By Amy Nicholson
By Chris Packham
By David Kipen
By Stephanie Zacharek
By Alan Scherstuhl
By Caira LaVelle
By Zachary Wigon
By Scott Foundas
Following are two selections from the African Film Festival at Washington University. For a complete list of films and for more information about the festival itself, visit www .wupa.wustl.edu:16080/africanfilm.
La Nuit de la Vérité (The Night of Truth)The world is made up of varying shades of gray, even in the fictional African country that serves as the setting for director Fanta Régina Nacro's film, and all who are involved in war have unclean hands. In the years-long civil conflict that has wracked this made-up nation, the blood of many has been shed; even children have been maimed and killed. But despite lingering hostilities and unshakeable feelings of persecution, the civil war is over now, and the rebel Bonandés have invited the Nayak president and his wife to dinner to celebrate the start of a new peaceful age. Tensions leading up to the festive meal are palpable, but the president arrives without incident, and his men and the hosts all agree to lay down their arms for the night. But will the evening pass without conflict? Or will the feelings of loss be too overwhelming and the wounds still too raw to keep the peace? Some truths about the brutality of war and human nature are revealed over the course of the party, and unfortunately, no one is immune to the suffering. In French with English subtitles. Screens at 7 p.m. Friday, March 23, in Brown Hall on the campus of Washington University (Forsyth and Skinker boulevards). Free.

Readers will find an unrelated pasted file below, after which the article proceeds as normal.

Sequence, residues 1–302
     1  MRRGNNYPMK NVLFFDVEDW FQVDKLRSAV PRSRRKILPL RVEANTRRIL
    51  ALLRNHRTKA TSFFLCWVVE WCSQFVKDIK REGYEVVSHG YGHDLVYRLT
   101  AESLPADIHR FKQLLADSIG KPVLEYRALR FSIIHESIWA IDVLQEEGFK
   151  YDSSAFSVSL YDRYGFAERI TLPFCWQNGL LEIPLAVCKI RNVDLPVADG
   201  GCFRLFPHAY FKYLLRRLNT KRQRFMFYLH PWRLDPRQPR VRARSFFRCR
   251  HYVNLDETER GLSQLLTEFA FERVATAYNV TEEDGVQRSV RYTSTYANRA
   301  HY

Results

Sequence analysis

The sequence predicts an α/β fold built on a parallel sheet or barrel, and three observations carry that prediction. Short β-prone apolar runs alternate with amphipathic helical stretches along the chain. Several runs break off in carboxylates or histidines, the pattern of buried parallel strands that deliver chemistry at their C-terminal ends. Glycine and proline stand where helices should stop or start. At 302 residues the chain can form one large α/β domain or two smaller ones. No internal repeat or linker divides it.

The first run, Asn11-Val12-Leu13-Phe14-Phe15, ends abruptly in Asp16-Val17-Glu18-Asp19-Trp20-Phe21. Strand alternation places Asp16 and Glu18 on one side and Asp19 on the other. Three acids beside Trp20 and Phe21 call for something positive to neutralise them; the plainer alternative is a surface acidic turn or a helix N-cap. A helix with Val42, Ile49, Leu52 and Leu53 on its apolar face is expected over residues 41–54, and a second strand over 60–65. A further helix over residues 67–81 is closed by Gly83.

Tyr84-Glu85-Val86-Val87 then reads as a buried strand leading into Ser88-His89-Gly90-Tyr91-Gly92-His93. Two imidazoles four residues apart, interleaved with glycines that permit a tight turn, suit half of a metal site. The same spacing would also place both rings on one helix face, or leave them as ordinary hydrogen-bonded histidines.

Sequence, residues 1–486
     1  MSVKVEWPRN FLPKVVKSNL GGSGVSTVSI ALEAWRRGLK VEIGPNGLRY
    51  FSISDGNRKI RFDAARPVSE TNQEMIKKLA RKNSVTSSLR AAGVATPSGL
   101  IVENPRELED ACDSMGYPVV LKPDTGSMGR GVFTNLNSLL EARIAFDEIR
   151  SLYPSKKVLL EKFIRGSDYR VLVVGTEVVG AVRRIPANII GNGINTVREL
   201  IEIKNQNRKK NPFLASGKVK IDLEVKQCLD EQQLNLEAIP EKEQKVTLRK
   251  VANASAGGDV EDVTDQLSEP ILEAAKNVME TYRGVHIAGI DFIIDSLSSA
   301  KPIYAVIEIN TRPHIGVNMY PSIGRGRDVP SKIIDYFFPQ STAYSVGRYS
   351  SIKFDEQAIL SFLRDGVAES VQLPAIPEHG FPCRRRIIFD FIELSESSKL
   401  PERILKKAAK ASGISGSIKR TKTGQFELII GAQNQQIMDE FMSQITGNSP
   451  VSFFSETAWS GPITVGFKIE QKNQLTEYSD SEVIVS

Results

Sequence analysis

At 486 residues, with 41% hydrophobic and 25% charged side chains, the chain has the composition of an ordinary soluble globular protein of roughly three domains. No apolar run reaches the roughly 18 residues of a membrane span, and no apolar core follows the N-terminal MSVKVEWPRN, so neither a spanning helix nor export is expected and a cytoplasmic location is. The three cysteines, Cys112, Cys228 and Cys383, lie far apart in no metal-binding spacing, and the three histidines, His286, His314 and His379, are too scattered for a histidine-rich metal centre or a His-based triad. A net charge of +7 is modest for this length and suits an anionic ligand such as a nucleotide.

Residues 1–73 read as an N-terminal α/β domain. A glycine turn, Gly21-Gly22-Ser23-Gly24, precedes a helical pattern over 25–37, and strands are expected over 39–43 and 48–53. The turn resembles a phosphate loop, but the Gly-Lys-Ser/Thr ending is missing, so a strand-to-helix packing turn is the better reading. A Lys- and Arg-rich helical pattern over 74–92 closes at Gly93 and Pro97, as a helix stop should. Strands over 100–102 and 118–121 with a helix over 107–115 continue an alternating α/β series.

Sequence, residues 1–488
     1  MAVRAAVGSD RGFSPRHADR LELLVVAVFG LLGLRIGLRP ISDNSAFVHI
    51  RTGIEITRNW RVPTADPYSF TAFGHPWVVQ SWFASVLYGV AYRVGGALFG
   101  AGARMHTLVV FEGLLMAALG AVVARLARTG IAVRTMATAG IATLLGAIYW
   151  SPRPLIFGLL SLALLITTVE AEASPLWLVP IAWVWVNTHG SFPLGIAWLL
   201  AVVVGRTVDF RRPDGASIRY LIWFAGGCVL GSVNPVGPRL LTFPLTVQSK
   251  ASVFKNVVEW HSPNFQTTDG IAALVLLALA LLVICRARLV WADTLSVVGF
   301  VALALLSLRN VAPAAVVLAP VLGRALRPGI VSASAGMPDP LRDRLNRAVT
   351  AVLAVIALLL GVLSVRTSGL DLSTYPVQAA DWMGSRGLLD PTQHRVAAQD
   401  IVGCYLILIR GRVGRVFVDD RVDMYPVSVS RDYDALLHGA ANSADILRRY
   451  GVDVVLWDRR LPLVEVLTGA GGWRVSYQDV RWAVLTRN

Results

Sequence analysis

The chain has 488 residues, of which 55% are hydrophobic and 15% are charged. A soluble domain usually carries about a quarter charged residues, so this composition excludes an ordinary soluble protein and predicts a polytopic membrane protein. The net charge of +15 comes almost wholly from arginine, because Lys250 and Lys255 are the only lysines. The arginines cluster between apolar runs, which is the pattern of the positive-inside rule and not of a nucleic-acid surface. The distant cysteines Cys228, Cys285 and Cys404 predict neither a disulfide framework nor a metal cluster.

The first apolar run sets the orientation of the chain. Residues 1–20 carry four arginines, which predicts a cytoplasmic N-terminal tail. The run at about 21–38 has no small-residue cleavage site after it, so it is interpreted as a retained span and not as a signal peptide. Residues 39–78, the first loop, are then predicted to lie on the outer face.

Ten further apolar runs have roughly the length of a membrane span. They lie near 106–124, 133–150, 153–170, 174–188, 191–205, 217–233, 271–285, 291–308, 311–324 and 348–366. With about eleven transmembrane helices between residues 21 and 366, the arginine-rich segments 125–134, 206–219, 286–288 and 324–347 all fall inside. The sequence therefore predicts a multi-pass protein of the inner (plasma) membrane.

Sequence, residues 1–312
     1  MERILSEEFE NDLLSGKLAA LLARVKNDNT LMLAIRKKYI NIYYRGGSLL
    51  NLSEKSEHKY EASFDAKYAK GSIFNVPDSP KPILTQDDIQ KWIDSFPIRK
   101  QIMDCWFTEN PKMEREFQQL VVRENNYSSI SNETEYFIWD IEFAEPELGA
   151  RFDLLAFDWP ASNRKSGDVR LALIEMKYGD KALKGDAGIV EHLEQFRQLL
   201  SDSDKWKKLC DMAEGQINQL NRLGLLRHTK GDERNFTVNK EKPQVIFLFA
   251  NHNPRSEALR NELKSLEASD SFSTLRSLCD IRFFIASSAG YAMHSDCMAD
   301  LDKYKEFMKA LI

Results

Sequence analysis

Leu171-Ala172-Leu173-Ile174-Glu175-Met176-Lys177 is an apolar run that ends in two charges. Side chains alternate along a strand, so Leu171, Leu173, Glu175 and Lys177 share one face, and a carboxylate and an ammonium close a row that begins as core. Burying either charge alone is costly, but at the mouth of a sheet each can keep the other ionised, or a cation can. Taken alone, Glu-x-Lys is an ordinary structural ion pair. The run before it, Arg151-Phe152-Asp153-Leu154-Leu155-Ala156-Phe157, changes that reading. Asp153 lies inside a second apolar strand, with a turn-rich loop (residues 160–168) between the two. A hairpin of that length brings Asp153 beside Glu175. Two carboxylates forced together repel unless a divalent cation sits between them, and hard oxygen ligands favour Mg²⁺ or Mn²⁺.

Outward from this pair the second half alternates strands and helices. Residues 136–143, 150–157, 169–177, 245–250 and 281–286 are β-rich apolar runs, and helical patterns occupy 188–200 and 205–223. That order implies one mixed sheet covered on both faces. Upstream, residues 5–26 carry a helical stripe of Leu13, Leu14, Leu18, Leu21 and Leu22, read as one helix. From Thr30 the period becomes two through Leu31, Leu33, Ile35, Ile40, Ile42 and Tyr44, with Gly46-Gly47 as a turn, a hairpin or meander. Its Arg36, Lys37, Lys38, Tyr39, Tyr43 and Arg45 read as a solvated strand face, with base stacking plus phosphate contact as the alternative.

La Fille de Keltoum (The Daughter of Keltoum) A tourism promotional piece for Algeria, Mehdi Charef's film is not. Living in this country is hard, at least outside of the cities, and the daily struggle to find water has life-changing consequences. Nevertheless, an Algerian-born Swiss woman, Rallia, returns to her birthplace to track down the biological mother she never knew. When she arrives at the rocky, barren locale where her relatives barely eke out an existence a place that is the polar opposite of lush Switzerland her trek has just begun. Her mother no longer lives there and now works at a hotel in El Kantara. As Rallia hitch-hikes, walks and travels by bus to this city with her crazed aunt in tow, she struggles with the rules that require women to keep their heads covered and forbid them to do much else. And her anger with her mother continues to grow. Even though she is not sure what to expect when she arrives at her destination, Rallia definitely doesn't anticipate what she learns in the end. In French with English subtitles. Screens at 7 p.m. Thursday, March 22, in Brown Hall on the campus of Washington University (Forsyth and Skinker boulevards). Free. (AS)
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